Wodonga Council

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Slow and steady wins the race for turtles

31 Oct, 2022

Citizen scientists are being urged to join the fight to save an iconic species from a slow but devastating decline.

Those with an interest in protecting freshwater turtles are invited to attend a webinar to learn how to identify, monitor and safeguard turtle nests by placing mesh over egg-sites to stop foxes from destroying countless young animals before they can even hatch.

The webinar, presented by the 1Million Turtles program, will be launched on Tuesday, November 1, at 6.30 pm. Those wishing to take part can register here to join the webinar.

La Trobe University scientist James Van Dyke, who’s leading the fight to save turtles, says apparently healthy numbers of the animals in local rivers and wetlands may give the impression that turtle populations are in good shape – but appearances are deceiving.

“What we are finding almost everywhere in the Murray catchment is that we don’t see young turtles, even young adults or those in their ‘teens',” he said.

“We think we have a problem with foxes destroying the nests so you may see a lot (of turtles) but they’re all big ones.

“They just keep getting older and older and they could disappear quite rapidly.”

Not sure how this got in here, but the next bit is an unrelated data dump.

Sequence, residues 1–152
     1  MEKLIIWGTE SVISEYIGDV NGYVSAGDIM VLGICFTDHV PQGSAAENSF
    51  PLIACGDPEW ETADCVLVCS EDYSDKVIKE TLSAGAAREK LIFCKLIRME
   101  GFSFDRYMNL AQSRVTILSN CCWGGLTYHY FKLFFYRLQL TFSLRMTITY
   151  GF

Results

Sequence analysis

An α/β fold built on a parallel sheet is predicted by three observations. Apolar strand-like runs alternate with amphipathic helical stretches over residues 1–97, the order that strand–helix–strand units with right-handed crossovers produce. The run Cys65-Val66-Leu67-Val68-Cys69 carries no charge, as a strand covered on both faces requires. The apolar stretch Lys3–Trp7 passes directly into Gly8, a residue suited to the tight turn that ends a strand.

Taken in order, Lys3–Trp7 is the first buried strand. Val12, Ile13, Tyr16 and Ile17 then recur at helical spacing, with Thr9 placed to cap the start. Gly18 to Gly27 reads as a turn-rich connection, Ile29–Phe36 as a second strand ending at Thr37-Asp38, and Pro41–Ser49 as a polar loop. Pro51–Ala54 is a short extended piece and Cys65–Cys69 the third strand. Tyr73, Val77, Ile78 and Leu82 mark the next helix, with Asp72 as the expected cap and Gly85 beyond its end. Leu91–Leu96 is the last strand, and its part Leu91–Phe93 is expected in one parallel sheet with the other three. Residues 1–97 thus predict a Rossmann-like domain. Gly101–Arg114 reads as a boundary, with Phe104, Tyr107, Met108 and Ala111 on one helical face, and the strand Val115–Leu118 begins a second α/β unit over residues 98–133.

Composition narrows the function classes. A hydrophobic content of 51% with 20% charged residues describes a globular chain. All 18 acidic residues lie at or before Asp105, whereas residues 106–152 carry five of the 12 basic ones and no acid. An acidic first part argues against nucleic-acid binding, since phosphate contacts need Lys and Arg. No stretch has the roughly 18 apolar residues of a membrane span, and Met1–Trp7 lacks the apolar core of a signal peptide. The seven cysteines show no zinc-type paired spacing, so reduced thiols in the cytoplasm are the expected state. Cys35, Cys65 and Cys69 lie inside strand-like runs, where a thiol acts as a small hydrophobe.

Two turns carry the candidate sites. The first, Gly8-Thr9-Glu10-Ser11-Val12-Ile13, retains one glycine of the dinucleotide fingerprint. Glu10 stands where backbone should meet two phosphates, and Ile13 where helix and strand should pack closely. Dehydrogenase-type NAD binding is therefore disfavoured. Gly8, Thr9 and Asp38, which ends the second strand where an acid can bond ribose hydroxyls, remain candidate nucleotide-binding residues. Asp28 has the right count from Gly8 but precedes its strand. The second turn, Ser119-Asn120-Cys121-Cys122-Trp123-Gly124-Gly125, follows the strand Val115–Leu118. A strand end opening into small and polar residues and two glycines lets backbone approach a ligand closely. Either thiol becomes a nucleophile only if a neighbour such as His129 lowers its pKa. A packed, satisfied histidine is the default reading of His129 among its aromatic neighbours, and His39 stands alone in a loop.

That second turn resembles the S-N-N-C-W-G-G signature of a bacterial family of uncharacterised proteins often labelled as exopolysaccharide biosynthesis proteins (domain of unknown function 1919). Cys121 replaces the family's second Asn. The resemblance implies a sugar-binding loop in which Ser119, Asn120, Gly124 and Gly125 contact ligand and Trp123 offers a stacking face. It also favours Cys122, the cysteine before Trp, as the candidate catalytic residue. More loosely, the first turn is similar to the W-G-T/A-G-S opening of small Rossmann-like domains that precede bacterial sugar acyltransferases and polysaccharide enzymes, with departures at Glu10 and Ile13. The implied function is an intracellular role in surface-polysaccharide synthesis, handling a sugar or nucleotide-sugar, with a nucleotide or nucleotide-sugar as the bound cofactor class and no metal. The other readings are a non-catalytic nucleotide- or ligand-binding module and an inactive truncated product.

That’s where the citizen scientists could make a real difference.

Dr Van Dyke says an army of trained volunteers could help to arrest the decline by protecting nests where eggs have been laid.

Testing with buried chicken eggs protected by wire mesh has proved effective in stopping fox predation so scientists are hoping widespread netting could help to prevent turtles as a species literally dying out from old age.

“There’s little things that people can do in an afternoon,” Dr Van Dyke said. “They don’t have to dedicate their lives to it but even a few hours really helps – and it’s getting people excited about protecting turtles.”

Volunteers who do the training will not be allowed to touch any turtles they find but their efforts to collect data and protect nests could make all the difference in the long term.

Meanwhile, Dr Van Dyke and fellow scientists donned their waders and raincoats this week to inspect breeding sites on council-owned wetlands.

Melbourne Cup day is the unofficial start to the breeding season but the researchers are keen to find out whether the unusually cold spring weather has slowed the season this year.   

Wodonga Council will continue to support the research at other council-owned sites and as volunteer numbers grow, it’s hoped enough can be done to ensure turtles continue to be a familiar sight in rivers, creeks and wetlands across our region.

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